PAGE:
Dimension members are a named instance of a dimension. For example, you can have dimension members for changesets called Changeset1, Changeset2, and so forth. This also applies to dates and other dimensions. If you try to do a query within a pivot table, you may find that too much information is returned. A filter is a collection of dimension members that limit (or filter) the amount of data provided in a query.
You can also view a dimensions hierarchy. For example, the Date dimension has a hierarchy as shown in Figure 16-9:
Details provide titles that are used in list reports in the relational database. They are composed of strings of text that can be used within reports, for example as a descriptive list. In a nutshell, details are used to provide more "detail" in an OLAP report.
The amount of data contained in the Team Foundation OLAP cubes is massive. Trying to create custom reports can be tricky because it can be difficult to filter out only the information that you need. You can use perspectives to filter your data and reduce the complexity and manageability of your reports. Perspectives will make any element of your data cube visible or invisible, based on your needs. Across all cubes, you have a shared set of dimensions across all cube perspectives. They include the following:
You can use them to tie them against other measure groups. Note that you can only use perspectives if you install Team System with Microsoft SQL Server 2005 Enterprise Edition (x86 or x64) as your data tier.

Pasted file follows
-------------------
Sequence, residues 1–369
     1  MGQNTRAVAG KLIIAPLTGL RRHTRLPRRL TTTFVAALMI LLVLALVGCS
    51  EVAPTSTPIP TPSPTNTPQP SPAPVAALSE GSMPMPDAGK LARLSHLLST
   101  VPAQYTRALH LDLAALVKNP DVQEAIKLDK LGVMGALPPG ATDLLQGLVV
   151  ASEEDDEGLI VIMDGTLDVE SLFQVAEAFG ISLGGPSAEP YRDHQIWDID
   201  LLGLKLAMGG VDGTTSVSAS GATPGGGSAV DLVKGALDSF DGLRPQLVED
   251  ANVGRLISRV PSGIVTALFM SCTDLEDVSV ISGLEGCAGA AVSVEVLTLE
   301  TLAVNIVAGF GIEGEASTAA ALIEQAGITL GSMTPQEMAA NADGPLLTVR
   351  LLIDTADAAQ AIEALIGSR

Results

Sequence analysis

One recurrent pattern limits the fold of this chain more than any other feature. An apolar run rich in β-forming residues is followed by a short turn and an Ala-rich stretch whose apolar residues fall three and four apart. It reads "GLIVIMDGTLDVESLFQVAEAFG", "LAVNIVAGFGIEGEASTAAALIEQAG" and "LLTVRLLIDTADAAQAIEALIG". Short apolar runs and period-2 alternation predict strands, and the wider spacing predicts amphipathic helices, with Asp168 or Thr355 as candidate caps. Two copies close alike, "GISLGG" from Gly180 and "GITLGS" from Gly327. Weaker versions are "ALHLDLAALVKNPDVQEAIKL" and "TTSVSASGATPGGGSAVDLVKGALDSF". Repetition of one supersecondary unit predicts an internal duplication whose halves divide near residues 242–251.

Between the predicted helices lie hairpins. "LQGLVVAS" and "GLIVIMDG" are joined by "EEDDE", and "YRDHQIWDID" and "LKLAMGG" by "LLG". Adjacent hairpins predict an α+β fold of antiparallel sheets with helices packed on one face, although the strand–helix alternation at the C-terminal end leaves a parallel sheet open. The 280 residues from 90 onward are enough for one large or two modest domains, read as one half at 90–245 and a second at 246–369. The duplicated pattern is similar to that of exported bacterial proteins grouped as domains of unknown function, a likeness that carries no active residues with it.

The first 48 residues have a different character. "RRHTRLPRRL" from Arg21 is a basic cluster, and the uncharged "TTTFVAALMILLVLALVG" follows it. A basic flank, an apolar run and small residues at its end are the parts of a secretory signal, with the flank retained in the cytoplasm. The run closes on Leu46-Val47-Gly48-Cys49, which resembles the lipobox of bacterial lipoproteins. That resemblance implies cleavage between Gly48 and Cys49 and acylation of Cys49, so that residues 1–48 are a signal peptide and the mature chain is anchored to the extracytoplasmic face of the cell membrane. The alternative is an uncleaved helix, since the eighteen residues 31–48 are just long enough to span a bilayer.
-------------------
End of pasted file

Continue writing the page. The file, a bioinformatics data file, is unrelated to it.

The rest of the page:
This section of the chapter is meant to provide a solid overview of the concepts around Team System's data warehouse. There is so much information that it would be quite easy to write an entire book on the topic. If you are craving deeper details, the best source of information bar none is the MSDN documentation. Refer to "Team Foundation Server Data Warehouse" at http://msdn2.microsoft.com/en-us/library/ms244712.aspx.
The Microsoft Solutions Framework provides a good starting point in trying to understand what the Team System reports are for. To navigate to the list of reports, you can click Index⇨Reports in MSF for Agile Software Development and Index⇨Reports in MSF for CMMI Process Improvement. The documentation provides diagnosis information such as healthy and unhealthy examples of report data. You can then do a project course correction to fix the issues.